BEYOND THE THEATER: Netflix
CRITICAL MASS: As of 3/28/18: Rotten Tomatoes: 50% positive reviews. Metacritic: 56/100.
COMPARISON SHOPPING: Wag the Dog
FINAL RATING: 5/10
NEXT:
Suburbicon

Live By Night


Ben  Affleck is all business.

Ben Affleck is all business.

(2016) Crime Drama (Warner Brothers) Ben Affleck, Zoe Saldana, Chris Cooper, Chris Messina, Brendan Gleeson, Elle Fanning, Robert Glenister, Matthew Maher, Remo Girone, Sienna Miller, Miguel J. Pimentel, Titus Welliver, Max Casella, JD Evermore, Clark Gregg, Anthony Michael Hall, Derek Mears, Christian Clemenson, Chris Sullivan, Veronica Alcino. Directed by Ben Affleck

 

What makes a good man do bad things? Sometimes it’s circumstance, sometimes desperation, sometimes it’s because they believe that they are doing it for a greater good. Once they a good man goes down that path however, how long before it changes him from a good man to a bad one?

Joe Coughlin (Affleck) went to the First World War as a good man. The son of a police captain (Gleeson), he returns home to Boston disillusioned and bitter, vowing not to follow orders ever again. He becomes a petty thief with a small gang but Coughlin is bold and smart and soon comes to the attention of Irish mob boss Albert White (Glenister). Coughlin wants no part of a gang but it’s one of those situations where he doesn’t have any attractive alternatives.

Unfortunately, soon White’s mistress Emma Gould (Miller) comes to Joe’s attention and the two start carrying on a rather dangerous clandestine relationship. Of course, it inevitably leads to tragedy and Joe goes to jail. When he gets out, Boston is essentially closed to him and he goes south to Tampa along with his right hand man Dion Bartolo (Messina) where they will oversee the rum running operation of Italian mob boss Maso Pescatore (Girone). There he meets two pivotal people – police chief Figgis (Cooper) and Graciela (Saldana); the former he forges a business relationship with and the latter a romantic one.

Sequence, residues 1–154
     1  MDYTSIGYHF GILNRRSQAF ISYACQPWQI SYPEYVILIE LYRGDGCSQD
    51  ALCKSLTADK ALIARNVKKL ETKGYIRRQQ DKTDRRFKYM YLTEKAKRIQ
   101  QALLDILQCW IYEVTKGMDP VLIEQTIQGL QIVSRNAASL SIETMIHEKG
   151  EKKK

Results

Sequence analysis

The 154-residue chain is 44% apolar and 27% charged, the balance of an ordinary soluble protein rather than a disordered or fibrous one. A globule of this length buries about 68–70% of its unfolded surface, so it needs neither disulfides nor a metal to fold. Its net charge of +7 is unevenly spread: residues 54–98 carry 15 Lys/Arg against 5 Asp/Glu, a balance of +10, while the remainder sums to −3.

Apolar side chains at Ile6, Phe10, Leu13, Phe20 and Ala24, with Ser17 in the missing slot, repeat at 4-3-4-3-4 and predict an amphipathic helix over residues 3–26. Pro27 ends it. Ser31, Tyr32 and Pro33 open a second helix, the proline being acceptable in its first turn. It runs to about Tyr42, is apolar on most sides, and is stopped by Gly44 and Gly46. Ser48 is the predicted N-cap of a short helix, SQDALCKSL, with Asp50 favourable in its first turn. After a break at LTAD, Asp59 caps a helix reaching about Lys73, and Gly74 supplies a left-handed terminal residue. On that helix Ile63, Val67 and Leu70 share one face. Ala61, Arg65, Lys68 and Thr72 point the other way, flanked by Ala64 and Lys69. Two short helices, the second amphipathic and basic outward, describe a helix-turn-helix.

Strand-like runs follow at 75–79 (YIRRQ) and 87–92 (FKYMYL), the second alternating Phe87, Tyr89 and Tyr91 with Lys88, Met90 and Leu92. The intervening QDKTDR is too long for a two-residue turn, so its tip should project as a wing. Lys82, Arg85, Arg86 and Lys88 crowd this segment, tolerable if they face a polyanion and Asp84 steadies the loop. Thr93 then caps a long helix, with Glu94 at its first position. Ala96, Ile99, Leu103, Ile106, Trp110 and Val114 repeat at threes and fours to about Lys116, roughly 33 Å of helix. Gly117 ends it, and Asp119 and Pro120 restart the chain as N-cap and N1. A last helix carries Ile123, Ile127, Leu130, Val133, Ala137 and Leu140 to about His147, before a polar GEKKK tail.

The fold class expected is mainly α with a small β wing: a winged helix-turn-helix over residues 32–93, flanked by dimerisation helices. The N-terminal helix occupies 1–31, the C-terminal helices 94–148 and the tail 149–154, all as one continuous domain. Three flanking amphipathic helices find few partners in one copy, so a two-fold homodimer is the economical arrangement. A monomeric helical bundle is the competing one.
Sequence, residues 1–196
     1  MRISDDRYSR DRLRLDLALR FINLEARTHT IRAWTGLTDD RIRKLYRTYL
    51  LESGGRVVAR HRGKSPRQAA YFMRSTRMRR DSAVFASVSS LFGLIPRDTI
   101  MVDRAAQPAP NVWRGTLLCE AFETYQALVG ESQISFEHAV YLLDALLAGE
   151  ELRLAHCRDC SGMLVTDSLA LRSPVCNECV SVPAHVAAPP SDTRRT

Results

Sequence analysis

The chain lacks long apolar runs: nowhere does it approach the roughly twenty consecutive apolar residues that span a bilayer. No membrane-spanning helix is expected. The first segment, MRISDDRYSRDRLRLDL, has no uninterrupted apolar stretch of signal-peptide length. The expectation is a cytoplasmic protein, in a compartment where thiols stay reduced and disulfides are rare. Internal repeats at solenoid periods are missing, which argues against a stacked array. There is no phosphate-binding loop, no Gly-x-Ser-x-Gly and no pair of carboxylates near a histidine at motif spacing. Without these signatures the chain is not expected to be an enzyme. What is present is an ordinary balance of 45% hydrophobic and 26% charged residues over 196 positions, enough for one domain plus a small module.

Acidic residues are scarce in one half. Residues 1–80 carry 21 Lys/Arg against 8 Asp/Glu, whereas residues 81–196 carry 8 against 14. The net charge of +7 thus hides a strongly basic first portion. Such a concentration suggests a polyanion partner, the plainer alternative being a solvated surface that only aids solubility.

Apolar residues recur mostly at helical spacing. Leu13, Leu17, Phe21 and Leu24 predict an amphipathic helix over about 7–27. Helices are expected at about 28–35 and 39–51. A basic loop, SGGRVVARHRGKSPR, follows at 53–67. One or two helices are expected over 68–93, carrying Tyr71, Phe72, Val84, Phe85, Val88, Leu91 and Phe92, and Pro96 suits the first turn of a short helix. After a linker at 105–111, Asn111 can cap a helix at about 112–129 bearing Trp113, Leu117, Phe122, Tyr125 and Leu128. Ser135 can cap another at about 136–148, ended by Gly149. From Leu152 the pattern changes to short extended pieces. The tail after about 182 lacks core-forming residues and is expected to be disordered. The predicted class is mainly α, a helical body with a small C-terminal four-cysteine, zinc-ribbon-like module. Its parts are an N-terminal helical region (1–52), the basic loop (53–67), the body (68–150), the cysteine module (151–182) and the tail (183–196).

Joe’s interracial romance soon garners the attention of the Ku Klux Klan who makes life a mess for Joe. Joe appeals to Chief Figgis for help but the Klan’s most visible guy (Maher) happens to be the Chief’s brother-in-law. Although he admires and respects the Chief a great deal Joe uses blackmail photos of the Chief’s daughter Loretta (Fanning) to force the Chief to betray his brother-in-law.

Some time after that, Joe hits upon the idea of building casinos in Florida and begins construction on a magnificent one. Pescatore is happy because Joe is making him cartfuls of money and plenty of important people want to see the casino built. However, Joe is opposed by an evangelist – Loretta Figgis – who helps turn public and political opinion against him. Now Joe is in a great deal of hot water and finds himself once again between the two Boston mob bosses except that this time they are BOTH against him. Surviving this battle may not be possible.

Let’s cut to the chase; this is the weakest entry in Affleck’s otherwise stellar directing filmography. That doesn’t mean this is a terrible film, it’s just the most convoluted and least interesting of Affleck’s films to date. Don’t get me wrong; he’s a truly talented director and some of the scenes he has shot here are simply magic, but there aren’t enough of them to make a cohesive whole. Some of the blame lies at the feet of Dennis Lehane whose book this is based upon; the book itself was somewhat plot-heavy and it doesn’t translate to the silver screen as well as other books that the author wrote like Mystic River for example.

There are a ton of characters in here and a pretty high-end cast; that leads to a logjam of performances, some of which get short shrift and others seem to simply disappear in the bedlam. Standing out are Cooper as the bereaved and aggrieved chief of police, Saldana as the patient girlfriend and Messina as the loyal right hand man. All three get substantial screen time; not so much for fine actors like Miller, Gleeson and Greenwood among others.

And with all this, sometimes it feels like you’re riding a lazy Southern river that seems to be all bend and no destination. There are at least three false endings and when the final credits role there is a feeling of relief. The movie could have very easily ended at a much earlier point (I won’t say where but if Ben Affleck wants to e-mail me, I’d be glad to discuss it with him) and have been much more satisfying than the place it finally did end.